Monday, October 31, 2011

I didn't know if I'd be back in town in time to post but I made it! Today is Halloween and I thought it would be a good time to take a look at the TRUTH about witches before Bonella takes the floor for her evil roast later today:

The Truth About Witchcraft
Why Witches Are Considered Evil
By Bruce Jenvey
Author of Angela’s Coven

Please note, Angela’s Coven is NOT a book for ‘Pointyhats and Wannabes’ as Angela herself would say. This is based on Witchcraft as it was practiced in the dark ages. There are NO magic wands, no pointy hats, no spellbooks and no magic words. It’s chemistry, herbology, natural cures and what we would today call ‘home remedies.’ However, there was a time when these were very dangerous practices.

There’s a bit of history here, and while I personally LOVE history, I know there are others that don’t, so I promise to make it brief and as absolutely interesting and fascinating as I can. Now, while I tell you about this, picture yourself in this time, stuck in these unreasonable ruts created by people (yes, mostly men) who know far less than you do. It will frustrate you beyond belief!

When the Roman Empire collapsed near the end of the 3rd century, it left a tremendous power vacuum. After hundreds of years of authoritarian rule, suddenly, there was no one in charge. There were barbarians, disease, robber barons… it was literally the Dark Ages and it took a thousand years for us to lace some form of civilization back together (and we are STILL working on it!) In this dark and lawless time, the only organization that survived and had any kind of influence was the Roman Catholic Church. (Remember, the Roman Empire changed from Pagan Gods to Christianity around the year 300 under Constantine.) In a very short period of time, the Church began to call all the shots and set their own rules for society. And that’s the rub!

Back in those days, most of the healthcare givers (Healers) were Midwives. These were often older widows in small villages trying to support themselves and had learned about herbal cures and natural medicines from their mothers and grandmothers. They could not only deliver your baby, but they could treat festering wounds and unknown diseases.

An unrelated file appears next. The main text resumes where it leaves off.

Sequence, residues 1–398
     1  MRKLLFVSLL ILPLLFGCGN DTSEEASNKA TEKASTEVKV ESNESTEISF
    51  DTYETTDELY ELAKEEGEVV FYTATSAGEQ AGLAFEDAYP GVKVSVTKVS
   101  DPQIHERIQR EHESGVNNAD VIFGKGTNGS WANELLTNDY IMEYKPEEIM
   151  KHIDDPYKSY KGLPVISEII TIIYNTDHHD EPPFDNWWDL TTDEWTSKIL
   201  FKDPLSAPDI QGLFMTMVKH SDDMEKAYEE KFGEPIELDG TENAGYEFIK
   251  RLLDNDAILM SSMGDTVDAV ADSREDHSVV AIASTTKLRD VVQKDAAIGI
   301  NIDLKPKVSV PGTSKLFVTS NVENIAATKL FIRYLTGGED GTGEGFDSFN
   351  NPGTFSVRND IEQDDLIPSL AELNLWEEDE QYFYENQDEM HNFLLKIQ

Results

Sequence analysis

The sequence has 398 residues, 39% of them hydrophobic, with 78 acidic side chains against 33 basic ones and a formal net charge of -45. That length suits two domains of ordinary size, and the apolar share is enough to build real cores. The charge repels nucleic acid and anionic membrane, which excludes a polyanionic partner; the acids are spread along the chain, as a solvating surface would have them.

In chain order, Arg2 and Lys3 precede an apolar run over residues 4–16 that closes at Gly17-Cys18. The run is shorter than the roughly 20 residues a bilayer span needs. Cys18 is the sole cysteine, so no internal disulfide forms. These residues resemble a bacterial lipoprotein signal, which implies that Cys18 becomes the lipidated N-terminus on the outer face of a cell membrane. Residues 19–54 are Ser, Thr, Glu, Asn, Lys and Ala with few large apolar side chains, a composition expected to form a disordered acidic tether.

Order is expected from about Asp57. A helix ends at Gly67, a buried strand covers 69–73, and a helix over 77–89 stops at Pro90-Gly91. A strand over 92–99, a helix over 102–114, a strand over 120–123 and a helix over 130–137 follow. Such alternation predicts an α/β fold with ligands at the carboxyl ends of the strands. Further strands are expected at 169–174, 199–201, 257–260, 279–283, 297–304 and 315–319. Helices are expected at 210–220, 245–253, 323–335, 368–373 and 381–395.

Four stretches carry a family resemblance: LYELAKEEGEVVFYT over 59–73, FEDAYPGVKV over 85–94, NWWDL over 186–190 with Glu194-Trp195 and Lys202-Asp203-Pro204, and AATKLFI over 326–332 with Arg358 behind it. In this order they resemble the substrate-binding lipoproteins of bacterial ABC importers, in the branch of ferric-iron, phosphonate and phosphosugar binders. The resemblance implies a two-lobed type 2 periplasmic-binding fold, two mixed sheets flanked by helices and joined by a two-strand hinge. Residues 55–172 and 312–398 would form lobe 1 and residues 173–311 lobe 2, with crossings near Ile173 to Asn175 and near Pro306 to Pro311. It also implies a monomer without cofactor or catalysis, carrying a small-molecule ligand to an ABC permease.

Now, remember, there was a lot of fear in these times, if the barbarians didn’t get you, the plague or some form of it probably would! So the Church helped organize, and supported the training of what we have come to call DOCTORS. Now, to be a Doctor in this age meant not only a degree in medicine, but one in theology, too. It was required. And that meant compliance with the laws of the Church, especially those concerning decency. So Doctors literally had their hands tied. It also meant that you were most definitely a MAN. Higher education for a woman? Get real!

Doctors Vs Midwives

If you were sick enough to need a doctor, this probably meant you were bed-ridden and he would have to come to you. Under the laws of the Church, to gaze at you in your bed was not decent! So, as was the practice, the patient was in bed surrounded by bed curtains and would extend ONE ARM out from under the covers and between the curtains. THIS was all the Doctor got to examine. Your hand and your forearm… AND any treatment he provided he had to do in the same way which led to the practices of blood-letting and attaching leaches. That was about all they could do.

But Midwives were women. They were allowed behind the bed curtains and they could see things the Doctor never got to see like: “OMG! You have an arrow sticking out of your shoulder! That’s your problem! Here, I have some herbal salve that will draw out the infection.”

It didn’t take long for word to get around that if you were really sick or hurt, your odds of survival were MUCH better if you called a Midwife rather than a Doctor. This pissed off the men and they went to the Church asking to somehow level the playing field. In its infinite wisdom, the Church’s choice was not to allow more in-depth patient contact, but instead, to label Midwives as Witches, evil beings who were in league with the Devil. (Many lived on the fringe of the society and were still Pagans or Druids anyway.) If you allowed yourself to be treated by a Midwife, terrible things could happen to you now, and it could jeopardize your spot in the afterlife. I’m certain this was best for everyone and made all feel a lot better!